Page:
Citizens ask Governments to make Budgets Open

On 18 November 2011 nearly 100 civil society groups from as many countries and 12 international organizations, including the International Budget Partnership, Greenpeace, and the ONE Campaign, will launch a global effort to make public budgets transparent, participatory, and accountable. The effort centers on building an integrated and vibrant movement of organizations that will work at the local, national, and international level to promote government budgeting that is open and accountable to the public.

Budgets are the most critical tool that governments have to address problems like poverty, provide critical services like education and healthcare, and invest in their country’s future. When the political speeches end, it’s how governments actually manage funds to meet their promises and priorities that matters.

The organizations at the core of this initiative may work in different countries and on different issues but their shared experience shows that when civil society and the public are informed and involved they can improve budget decisions and outcomes, literally transforming lives in the process.

The global Civil Society Movement for Budget Transparency, Accountability, and Participation envisions public finance systems that make all budget information easily accessible, provide meaningful opportunities for citizens and civil society to participate in budget decisions and oversight throughout the process, and include strong institutions to hold governments accountable for how they raise and spend the public’s money.

Turning Opportunities into Reality

The timing of this effort capitalizes on a number of significant events that are creating a unique moment to substantially improve how governments operate, including how they manage public funds to meet their people’s needs and to address persistent challenges. The most dramatic of these events is the “Arab Spring,” which has created an unprecedented opportunity for democratic and responsive government in the region but also sent a wake-up call to oppressive, “kleptocratic” regimes around the world – and a beacon of hope to their people. However, turning these revolutions into effective and efficient government will require that strong institutions and systems be developed, including transparent and accountable budget processes and systems that actively engage citizens.

There are also important international, multi-stakeholder initiatives that have been launched in the last year to promote government that is open, democratic, responsive, and accountable. The first of these is the Open Government Partnership (OGP), which brings together governments, civil society, and industry to promote transparency, increase civic participation, fight corruption, and harness new technologies to strengthen governance. Co-chaired by the U.S. and Brazilian governments, the OGP calls on governments to commit to specific steps that will make their systems and practices more open and accountable.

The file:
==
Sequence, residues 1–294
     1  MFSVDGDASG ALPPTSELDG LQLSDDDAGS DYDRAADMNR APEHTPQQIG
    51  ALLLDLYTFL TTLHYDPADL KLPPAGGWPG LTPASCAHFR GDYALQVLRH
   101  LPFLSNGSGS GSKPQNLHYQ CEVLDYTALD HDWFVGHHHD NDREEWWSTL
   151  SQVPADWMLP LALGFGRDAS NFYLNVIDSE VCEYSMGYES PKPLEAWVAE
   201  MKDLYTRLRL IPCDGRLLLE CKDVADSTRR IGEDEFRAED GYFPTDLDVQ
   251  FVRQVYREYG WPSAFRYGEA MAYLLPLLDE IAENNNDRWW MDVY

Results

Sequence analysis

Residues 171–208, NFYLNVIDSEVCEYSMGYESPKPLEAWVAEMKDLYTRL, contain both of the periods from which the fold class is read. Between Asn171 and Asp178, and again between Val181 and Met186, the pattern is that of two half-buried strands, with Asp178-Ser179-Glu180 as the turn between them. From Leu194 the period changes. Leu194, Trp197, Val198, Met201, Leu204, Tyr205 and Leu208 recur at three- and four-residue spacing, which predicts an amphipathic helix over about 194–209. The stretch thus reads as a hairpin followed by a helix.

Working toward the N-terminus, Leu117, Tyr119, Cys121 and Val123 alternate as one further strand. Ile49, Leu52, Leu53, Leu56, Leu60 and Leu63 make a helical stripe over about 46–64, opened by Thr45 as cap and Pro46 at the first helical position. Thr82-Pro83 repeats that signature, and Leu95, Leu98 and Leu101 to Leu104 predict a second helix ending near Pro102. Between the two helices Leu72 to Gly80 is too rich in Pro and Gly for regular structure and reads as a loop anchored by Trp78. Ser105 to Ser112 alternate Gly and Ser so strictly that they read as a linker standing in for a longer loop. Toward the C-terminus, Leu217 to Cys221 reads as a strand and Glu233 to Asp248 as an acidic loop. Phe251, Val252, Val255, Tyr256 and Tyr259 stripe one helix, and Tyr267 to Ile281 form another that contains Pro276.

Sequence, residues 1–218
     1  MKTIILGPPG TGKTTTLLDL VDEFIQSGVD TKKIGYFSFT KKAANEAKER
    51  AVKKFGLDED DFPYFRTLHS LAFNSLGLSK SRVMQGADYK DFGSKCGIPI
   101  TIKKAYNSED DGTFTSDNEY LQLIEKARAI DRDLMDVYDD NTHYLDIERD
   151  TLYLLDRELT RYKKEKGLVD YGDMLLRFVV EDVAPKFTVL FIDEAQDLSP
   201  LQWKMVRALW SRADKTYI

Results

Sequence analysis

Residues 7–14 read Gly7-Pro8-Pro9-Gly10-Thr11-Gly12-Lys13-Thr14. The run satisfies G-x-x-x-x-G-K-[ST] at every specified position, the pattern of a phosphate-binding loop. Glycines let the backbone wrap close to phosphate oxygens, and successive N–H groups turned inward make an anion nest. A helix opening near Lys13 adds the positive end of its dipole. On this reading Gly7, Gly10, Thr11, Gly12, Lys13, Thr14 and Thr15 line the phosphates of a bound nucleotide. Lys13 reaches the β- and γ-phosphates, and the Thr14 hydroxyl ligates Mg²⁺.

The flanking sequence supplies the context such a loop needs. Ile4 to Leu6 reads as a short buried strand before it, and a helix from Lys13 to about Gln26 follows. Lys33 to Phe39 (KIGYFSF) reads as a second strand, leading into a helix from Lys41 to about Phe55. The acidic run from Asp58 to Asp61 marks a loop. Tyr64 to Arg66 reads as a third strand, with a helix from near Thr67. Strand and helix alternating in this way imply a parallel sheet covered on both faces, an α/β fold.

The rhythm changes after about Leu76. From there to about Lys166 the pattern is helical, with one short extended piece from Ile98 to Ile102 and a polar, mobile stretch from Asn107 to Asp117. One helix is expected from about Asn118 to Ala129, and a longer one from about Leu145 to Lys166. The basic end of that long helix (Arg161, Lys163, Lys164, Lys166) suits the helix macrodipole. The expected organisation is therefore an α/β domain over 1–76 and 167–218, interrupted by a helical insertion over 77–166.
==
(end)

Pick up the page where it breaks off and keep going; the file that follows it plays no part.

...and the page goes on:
The second of these is the Global Initiative for Fiscal Transparency. GIFT engages governments, international organizations, oversight institutions, foundations, and civil society organizations to advance and institutionalize significant and continuous improvements in fiscal transparency, engagement, and accountability in countries around the world. The initiative includes efforts to establish international norms for budget transparency, engagement, and accountability; harness new technologies to support such budgeting; and provide incentives and support for governments seeking to open their budgets.

Though each of these events and initiatives holds great promise, without an organized, skilled, and active civil society movement that can connect the institutions involved with the priorities and needs of ordinary citizens and play a critical oversight role, there is a danger that these opportunities will fall short of their potential.

What Comes Next?

The organizations meeting in Dar es Salaam to launch the global Civil Society Movement for Budget Transparency, Accountability, and Participation laid the foundation of the movement by signing a Declaration of Principles. This declaration begins with this statement:

“We are citizens and civil society organizations from around the globe, united by the shared conviction that inclusive and open public budgets are critical to achieving a world in which all human beings enjoy their full human rights – civil, political, social, economic, cultural and environmental.”

The participants agreed upon shared values that include recognizing public participation in budgeting as both a fundamental right and a responsibility, social equity, inclusion, nondiscrimination, and mutual respect. They also identified strategies that the organizations in the movement would use to engage in the OGP and GIFT initiatives, as well as other cross-national initiatives. Read more.


Read more: Accountability and Participation



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